A small survey of affected users showed that the data on sale was accurate and contained authentic information. The last account to be created in the database is dated January 26, 2020. This information indicates that the cyber actors breached the Unacademy network after the creation of the last account.
Cyble also noted that multiple accounts created using corporate email addresses were stored in the database at the time of the hack. The emails consisted of accounts from Infosys, Facebook, Cognizant, Wipro, and Google. If the users used the same passwords to secure their corporate networks, it could have enabled the malicious actors to penetrate and gain access to the networks.
Attackers behind the attack also claimed that they had exfiltrated additional data other than just the user database. The cyber adversaries alleged to Cyble’s cybersecurity researchers that they had breached the entire database, but they were only user records for sale. Holding back other data indicated that it might have a higher value than the user records.
Recent Hacks: EasyJet Data Breach
EasyJet reported a data breach on May 19, 2020, which it believes was executed by highly sophisticated cyber adversaries. The low-cost, British-based airline group first learned of the breach incidence in January 2020. The company stated that the data breach affected at least 9 million customers and compromised sensitive information, such as travel details and email addresses.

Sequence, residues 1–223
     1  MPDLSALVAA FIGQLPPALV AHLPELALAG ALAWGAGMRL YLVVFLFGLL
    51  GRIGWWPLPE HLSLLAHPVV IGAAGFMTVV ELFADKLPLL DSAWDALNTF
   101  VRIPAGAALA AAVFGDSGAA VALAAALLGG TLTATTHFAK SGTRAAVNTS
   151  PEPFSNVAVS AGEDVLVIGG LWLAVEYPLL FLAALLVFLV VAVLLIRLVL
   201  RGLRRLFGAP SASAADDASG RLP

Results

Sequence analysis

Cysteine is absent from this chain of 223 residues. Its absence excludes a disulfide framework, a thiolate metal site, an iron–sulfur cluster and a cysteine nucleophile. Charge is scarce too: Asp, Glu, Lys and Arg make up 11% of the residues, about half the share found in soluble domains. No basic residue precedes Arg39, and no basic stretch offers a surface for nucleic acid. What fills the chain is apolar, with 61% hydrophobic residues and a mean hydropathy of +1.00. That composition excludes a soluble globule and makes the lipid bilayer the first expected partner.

However, the company was quick to point out that of the 9 million customers impacted by the breach incident, it exposed the credit card details of only 2,200 customers. EasyJet further noted that there was no evidence showing that the hackers misused the information for malicious reasons. The company urged all its customers to reset their passwords, monitor their bank accounts to identify suspicious activities and be on the outlook for social engineering emails.
While the company did not disclose the incident through an official notice, it shared with BBC that it informed customers whose credit cards were compromised in early April. However, it was aware of the breach in January. EasyJet did not reveal how the cyber actors compromised its security but noted that the attackers were after its intellectual property. Stealing the customer data could have been a secondary objective.
Recent Hacks: Nintendo Recent Data Breach